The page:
Now that we’re finally starting to see some hot weather, it won’t be long before we begin to see something else: thunderstorms and lightning (very, very frightening me! Galileo, Galileo…sorry, just a little Queen flashback).
It’s the lightning, of course, that makes thunderstorms thunder. If I may quote myself from a previous column, lightning “is a massive but short-lived electrical discharge in the atmosphere, usually several kilometres long.
“Lightning arises because of a charge separation in a cloud. A ‘charge separation’ just means that there are more electrons in one place than another. Cloud-to-ground lightning occurs when there are lots of free electrons in the base of the cloud. These electrons are discharged in what is called a stepped leader: ‘stepped’ because it descends from the cloud in discrete steps, each about 50 metres long (which is what gives lightning its jagged appearance), and ‘leader’ because that’s what it is–the precursor for the main bolt.
“Since electrons are negatively charged, this stepped leader has a very strong negative charge. When it gets within 100 metres or less of the positively charged ground, another leader moves up to meet it, often through handy protruding objects like buildings, trees and golfers.
“What we think is the main stroke of lightning is actually the return stroke, which propagates upward from the ground along the path formed by the leader and the stepped leader. Several subsequent strokes usually follow along the same path…because the stepped leader knocked electrons loose from molecules of atmospheric gas along the way, creating a channel of positively charged air, a path of least resistance…All these strokes come and go with the space of a second, traversing the distance between cloud and sky at up to half the speed of light, until the surplus of electrons in the lower part of the cloud is eliminated.”
That’s the lightning we all know and, um, love.
But there’s another kind of lightning whose nature is far more obscure: ball lighting.
Ball lightning, reported by thousands of people, consists of luminous spheres, typically the size of a grapefruit, said to last for a few seconds or even minutes, sometimes hovering, sometimes bouncing along the ground, sometimes doing weird things like burning through screen doors or bouncing on someone’s head.
In 2007, New Scientist noted that a theory by John Abrahamson and James Dinniss of the University of Canterbury in Christchurch, New Zealand, suggesting ball lightning could form when lightning strikes soil, vaporizing any silica in it, had been supported by experimental work in Brazil.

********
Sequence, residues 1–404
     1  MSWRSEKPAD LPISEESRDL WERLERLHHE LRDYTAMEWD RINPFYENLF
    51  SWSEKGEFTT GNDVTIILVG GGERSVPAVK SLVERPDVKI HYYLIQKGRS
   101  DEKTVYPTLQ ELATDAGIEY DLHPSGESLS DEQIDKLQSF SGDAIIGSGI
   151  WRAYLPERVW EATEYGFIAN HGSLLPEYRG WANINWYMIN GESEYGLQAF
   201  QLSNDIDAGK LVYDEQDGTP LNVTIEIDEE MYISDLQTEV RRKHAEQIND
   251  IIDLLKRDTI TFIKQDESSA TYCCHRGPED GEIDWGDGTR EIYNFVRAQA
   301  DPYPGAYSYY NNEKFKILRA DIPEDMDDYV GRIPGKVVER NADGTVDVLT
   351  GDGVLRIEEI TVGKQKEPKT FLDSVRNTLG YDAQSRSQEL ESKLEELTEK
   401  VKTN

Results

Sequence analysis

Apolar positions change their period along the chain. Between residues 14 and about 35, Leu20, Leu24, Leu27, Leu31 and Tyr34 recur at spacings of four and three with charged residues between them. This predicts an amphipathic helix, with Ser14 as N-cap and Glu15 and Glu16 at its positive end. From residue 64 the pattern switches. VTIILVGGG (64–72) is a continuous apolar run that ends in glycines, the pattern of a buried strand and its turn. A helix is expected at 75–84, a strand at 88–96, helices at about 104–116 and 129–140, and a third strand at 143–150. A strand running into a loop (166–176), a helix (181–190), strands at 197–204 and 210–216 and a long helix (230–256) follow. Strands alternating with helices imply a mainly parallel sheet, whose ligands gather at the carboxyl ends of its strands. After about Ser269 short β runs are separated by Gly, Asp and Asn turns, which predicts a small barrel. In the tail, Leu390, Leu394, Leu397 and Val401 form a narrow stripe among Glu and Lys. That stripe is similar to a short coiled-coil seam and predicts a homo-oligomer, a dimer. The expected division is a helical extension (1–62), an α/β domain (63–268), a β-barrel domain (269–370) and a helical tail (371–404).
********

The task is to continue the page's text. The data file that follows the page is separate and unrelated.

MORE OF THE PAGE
Abrahamson and Dinniss suggested that as the silicon vapour cools, it condenses into a floating aerosol, bound into a ball by charges that gather on its surface and glowing from the heat of the silicon recombining with oxygen.
To test the idea, a team at the Federal University of Pernambuco in Brazil vaporized wafers of silicon in an arc between two electrons. Sure enough, the arc occasionally spat out luminous orbs the size of ping-pong balls that lasted for up to eight seconds, moved randomly as their surfaces emitted little jets, emitted smoke trails, and were hot enough to melt plastic.
In the last couple of weeks, though, another explanation has come along: Joseph Peer and Alexander Kendl at the University of Innsbruck in Austria suggest that at least some “ball lightning” is actually a hallucination.
Noting that transcranial magnetic stimulation—stimulating the brain with a rapidly changing magnetic field–can cause subjects to see glowing discs and lines, they pointed out that the rapidly changing magnetic fields associated with repeated lightning strikes are powerful enough to cause a similar phenomenon in humans within 200 metres.
The strike has to be of a particular type in which there are multiple return strokes at the same point over a period of a few seconds, and of course the observer has to be uninjured, sitting inside a house, perhaps, which, sure enough, is where ball lightning is often experienced. Peer and Kendle estimate that roughly one percent of those who experience lightning close at hand without being harmed are likely to experience magnetic fields strong enough to induce hallucinations.
So, is ball lighting floating spheres of silicon gas, or all in the observers’ heads?
Since investigating either requires you to be in close proximity to powerful lightning strikes, I’m content to let the scientists figure it out.
Although if Ben Franklin were alive today, I’m sure he’d be right on it.